Only in tiny data sets have risk variables for cutaneous squamous cell carcinoma (cSCC) metastasis been studied. For a study, researchers sought to investigate and reproduce risk variables for metastatic cSCC. Metastatic patients were chosen from English and Dutch countrywide cancer registry cohorts and matched 1:1 to controls. The variables were derived from pathology reports obtained from England’s National Disease Registration Service. A dermatopathologist in the Netherlands reviewed histopathologic slides from the Dutch Pathology Registry. Backward conditional logistic regression was used to develop the model in the English data set, and replication was done in the Dutch data set.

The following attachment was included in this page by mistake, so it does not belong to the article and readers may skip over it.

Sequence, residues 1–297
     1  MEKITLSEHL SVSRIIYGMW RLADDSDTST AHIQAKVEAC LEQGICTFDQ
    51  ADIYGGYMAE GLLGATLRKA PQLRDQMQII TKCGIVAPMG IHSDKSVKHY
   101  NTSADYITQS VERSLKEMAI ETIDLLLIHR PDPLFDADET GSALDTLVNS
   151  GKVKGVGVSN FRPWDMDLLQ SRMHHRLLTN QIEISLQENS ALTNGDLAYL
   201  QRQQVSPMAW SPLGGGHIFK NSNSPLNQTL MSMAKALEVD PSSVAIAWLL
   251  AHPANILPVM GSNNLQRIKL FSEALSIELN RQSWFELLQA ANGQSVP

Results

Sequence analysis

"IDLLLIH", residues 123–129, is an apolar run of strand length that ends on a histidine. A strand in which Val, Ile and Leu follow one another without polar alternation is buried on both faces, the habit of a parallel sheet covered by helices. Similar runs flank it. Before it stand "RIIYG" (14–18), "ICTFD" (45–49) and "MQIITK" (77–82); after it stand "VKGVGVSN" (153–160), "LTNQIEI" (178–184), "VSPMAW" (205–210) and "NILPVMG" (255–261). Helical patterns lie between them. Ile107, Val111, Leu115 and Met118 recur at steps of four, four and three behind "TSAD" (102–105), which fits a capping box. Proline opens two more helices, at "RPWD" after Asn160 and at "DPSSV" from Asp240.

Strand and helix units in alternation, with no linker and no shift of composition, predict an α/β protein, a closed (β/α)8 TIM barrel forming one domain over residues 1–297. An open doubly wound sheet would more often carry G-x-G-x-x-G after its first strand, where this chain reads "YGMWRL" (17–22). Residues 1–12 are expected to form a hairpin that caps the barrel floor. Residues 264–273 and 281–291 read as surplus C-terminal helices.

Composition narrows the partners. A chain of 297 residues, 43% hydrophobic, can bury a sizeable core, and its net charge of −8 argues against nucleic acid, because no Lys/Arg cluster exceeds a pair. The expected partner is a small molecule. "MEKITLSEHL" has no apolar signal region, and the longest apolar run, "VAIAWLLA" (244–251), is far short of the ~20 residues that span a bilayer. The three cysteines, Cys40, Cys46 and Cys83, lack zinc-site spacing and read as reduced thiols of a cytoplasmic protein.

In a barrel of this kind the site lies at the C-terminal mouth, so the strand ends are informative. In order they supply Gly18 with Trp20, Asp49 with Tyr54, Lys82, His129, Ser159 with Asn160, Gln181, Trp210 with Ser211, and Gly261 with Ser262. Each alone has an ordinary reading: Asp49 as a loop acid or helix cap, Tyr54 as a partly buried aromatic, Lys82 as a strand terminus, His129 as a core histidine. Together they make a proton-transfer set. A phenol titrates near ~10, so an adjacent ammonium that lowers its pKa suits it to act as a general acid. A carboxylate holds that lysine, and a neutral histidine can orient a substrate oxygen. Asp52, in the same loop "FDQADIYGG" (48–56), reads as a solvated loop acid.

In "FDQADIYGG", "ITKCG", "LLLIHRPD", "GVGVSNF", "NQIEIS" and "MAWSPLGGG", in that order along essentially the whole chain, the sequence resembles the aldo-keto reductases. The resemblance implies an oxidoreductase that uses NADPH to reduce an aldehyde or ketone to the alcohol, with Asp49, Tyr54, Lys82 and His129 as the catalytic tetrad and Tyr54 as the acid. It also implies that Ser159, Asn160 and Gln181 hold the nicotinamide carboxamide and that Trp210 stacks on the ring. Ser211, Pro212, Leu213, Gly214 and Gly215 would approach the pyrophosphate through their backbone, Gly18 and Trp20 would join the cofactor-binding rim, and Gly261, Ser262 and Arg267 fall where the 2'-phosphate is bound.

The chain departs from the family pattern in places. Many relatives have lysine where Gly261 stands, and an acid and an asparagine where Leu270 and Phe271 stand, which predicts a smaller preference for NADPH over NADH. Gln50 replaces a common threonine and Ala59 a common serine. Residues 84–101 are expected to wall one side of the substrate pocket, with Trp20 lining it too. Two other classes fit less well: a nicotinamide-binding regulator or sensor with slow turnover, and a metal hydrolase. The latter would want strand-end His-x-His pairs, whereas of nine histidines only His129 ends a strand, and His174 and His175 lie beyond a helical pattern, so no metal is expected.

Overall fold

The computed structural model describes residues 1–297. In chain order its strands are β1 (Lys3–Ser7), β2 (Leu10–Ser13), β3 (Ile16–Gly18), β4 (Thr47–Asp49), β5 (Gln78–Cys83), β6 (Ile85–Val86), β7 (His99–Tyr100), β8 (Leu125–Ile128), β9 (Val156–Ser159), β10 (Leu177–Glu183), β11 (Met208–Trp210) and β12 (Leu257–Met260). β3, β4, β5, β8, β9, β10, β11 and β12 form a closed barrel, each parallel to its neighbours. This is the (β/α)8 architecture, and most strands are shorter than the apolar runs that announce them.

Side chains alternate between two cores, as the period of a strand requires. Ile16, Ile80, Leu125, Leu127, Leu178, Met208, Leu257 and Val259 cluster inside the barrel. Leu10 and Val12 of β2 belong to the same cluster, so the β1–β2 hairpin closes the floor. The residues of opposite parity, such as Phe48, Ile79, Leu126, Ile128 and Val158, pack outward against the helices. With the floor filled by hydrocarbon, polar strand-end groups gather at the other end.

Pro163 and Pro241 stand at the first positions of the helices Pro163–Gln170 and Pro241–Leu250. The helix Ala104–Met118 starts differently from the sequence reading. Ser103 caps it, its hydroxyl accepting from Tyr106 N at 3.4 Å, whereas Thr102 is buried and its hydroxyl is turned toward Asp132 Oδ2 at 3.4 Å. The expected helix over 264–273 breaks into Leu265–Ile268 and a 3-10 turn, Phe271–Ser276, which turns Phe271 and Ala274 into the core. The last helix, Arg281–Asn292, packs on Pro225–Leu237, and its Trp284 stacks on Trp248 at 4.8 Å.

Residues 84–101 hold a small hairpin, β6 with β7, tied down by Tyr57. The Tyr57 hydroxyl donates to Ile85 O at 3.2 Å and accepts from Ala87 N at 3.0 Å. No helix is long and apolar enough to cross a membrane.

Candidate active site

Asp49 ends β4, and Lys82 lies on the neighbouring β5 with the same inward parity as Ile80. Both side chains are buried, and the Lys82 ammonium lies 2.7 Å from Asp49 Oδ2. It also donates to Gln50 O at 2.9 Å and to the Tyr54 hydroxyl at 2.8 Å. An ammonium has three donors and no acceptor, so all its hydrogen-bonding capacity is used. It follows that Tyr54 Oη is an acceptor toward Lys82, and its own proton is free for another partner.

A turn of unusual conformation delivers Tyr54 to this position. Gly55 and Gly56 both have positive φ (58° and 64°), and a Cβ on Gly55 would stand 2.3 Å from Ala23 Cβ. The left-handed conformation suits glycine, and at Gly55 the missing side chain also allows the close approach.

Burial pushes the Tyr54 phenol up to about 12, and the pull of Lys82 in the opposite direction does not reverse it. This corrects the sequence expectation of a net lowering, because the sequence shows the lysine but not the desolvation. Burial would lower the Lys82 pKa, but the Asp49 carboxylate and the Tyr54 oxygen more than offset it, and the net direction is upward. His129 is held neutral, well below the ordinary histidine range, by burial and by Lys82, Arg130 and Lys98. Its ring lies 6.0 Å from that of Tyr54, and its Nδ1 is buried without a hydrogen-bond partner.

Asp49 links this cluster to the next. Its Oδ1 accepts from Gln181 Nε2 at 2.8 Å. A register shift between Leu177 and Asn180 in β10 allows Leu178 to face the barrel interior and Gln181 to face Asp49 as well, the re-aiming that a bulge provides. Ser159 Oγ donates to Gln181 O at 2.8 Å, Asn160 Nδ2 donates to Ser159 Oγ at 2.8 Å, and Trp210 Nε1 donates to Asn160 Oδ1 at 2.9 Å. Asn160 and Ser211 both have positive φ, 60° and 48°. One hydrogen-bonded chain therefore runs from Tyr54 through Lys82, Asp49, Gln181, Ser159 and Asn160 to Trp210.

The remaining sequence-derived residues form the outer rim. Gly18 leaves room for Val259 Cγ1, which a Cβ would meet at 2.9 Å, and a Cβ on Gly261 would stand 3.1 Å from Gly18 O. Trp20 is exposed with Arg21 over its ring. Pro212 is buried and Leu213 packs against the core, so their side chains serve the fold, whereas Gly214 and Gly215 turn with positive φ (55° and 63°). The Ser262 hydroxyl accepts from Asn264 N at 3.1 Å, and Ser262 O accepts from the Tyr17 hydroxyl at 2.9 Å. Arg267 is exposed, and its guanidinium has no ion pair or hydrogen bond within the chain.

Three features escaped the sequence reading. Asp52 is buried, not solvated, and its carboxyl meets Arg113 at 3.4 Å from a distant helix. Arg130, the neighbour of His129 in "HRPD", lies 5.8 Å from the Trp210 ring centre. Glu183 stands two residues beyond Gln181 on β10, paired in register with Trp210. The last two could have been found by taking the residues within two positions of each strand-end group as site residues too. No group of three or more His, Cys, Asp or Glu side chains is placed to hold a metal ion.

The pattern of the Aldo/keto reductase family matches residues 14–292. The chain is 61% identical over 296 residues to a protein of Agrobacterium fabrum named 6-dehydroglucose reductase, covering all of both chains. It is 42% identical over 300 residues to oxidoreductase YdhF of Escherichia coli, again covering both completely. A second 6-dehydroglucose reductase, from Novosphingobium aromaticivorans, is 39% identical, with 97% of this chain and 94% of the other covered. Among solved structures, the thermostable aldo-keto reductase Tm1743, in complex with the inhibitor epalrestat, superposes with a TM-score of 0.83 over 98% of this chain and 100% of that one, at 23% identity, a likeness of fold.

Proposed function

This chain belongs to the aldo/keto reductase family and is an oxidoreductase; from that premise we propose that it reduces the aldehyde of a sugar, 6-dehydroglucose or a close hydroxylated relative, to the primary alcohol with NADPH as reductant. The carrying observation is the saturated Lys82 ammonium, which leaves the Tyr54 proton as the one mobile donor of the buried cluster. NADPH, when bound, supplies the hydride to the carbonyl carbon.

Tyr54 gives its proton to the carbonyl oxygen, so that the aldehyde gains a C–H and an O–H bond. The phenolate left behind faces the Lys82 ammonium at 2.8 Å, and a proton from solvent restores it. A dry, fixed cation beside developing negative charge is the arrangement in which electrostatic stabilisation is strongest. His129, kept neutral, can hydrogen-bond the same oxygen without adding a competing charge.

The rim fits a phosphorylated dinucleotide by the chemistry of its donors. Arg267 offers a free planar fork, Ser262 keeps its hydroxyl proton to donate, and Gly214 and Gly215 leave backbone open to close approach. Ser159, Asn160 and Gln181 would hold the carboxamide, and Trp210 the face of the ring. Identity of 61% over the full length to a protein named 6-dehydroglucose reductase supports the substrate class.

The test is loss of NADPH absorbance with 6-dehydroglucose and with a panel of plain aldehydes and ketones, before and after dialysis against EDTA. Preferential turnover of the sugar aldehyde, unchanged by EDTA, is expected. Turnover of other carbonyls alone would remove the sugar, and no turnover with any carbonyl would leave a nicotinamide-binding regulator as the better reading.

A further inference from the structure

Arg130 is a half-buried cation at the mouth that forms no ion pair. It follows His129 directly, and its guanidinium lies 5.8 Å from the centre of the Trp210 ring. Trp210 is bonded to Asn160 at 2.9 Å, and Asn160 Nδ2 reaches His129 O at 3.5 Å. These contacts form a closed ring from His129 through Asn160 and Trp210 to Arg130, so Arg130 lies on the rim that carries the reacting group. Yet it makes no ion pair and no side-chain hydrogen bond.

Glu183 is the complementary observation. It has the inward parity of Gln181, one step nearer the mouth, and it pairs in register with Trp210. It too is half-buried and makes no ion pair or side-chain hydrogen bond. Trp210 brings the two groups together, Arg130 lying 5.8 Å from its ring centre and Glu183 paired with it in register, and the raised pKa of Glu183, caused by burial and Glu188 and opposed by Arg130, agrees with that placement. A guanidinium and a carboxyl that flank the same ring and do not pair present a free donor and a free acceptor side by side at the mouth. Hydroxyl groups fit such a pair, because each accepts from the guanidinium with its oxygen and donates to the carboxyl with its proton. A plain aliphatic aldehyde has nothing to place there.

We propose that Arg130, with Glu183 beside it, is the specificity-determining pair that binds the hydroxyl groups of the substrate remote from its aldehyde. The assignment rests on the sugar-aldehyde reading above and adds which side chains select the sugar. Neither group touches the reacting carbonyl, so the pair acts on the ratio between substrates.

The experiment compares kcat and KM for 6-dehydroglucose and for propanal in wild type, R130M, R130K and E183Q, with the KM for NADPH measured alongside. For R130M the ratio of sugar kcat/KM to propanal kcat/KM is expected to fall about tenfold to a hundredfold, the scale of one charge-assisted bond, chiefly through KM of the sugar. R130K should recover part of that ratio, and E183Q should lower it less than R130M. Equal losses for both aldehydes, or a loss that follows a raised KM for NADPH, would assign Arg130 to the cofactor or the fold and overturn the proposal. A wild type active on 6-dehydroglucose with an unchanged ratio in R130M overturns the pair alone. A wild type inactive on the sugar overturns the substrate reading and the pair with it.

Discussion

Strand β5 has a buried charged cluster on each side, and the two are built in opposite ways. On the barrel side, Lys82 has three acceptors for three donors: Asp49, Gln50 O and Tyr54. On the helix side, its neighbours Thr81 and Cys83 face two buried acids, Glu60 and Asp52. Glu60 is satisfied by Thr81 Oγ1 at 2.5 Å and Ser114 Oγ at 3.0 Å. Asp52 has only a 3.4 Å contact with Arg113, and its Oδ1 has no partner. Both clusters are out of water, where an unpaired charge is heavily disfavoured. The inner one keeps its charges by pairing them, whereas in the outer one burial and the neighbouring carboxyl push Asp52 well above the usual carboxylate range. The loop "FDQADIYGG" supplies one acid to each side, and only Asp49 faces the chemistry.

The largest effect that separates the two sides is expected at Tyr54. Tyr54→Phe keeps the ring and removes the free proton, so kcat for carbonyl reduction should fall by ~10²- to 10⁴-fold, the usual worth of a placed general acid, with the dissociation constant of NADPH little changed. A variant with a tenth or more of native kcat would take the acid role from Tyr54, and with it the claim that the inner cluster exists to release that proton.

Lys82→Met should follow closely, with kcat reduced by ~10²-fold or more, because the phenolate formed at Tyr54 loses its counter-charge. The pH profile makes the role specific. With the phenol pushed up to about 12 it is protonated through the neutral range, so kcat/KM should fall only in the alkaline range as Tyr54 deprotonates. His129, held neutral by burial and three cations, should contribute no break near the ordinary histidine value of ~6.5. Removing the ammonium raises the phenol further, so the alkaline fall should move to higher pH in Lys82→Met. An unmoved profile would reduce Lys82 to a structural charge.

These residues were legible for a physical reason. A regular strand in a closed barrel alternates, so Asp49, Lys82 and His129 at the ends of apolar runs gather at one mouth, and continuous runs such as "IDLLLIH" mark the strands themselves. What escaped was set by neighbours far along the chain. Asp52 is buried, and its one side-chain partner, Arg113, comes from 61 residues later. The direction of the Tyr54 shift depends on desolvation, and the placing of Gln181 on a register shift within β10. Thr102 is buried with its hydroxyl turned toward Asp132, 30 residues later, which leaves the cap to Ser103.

In addition to diameter and thickness, poor differentiation (odds ratio [OR], 4.56; 95% CI, 2.99-6.94), invasion in (OR, 1.69; 95% CI, 1.05-2.71)/beyond (OR, 4.43; 95% CI, 1.98-9.90) subcutaneous fat, male sex (OR, 2.59; 95% CI, 1.70-3.96), perineural/lymphovascular invasion (OR, 2.12; 95% CI, 1.21-3.71), and facial localization (OR, 1.57; 95% CI, 1.02-2.41). Nonlinear correlations between diameter and thickness and metastasis were found. In the Dutch data set (n=434 cSCCs), similar ORs were identified. Differentiation, clinical features such as gender and tumor location, and nonlinear connections for diameter and thickness can all help to enhance cSCC staging systems.